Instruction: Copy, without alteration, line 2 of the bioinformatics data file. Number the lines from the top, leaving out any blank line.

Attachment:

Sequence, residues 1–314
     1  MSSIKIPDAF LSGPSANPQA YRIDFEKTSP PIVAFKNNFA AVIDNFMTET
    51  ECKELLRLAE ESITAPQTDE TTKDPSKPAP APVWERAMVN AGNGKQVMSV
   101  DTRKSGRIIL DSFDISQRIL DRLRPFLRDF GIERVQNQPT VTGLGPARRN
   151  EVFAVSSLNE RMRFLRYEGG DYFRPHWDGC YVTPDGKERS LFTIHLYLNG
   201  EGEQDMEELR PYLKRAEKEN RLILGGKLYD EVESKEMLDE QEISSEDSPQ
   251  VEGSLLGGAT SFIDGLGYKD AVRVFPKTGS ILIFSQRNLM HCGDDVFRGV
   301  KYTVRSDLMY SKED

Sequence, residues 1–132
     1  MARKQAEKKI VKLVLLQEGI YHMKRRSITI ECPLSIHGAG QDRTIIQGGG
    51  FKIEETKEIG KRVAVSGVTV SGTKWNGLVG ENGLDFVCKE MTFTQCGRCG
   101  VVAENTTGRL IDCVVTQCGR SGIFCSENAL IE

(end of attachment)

     1  MSSIKIPDAF LSGPSANPQA YRIDFEKTSP PIVAFKNNFA AVIDNFMTET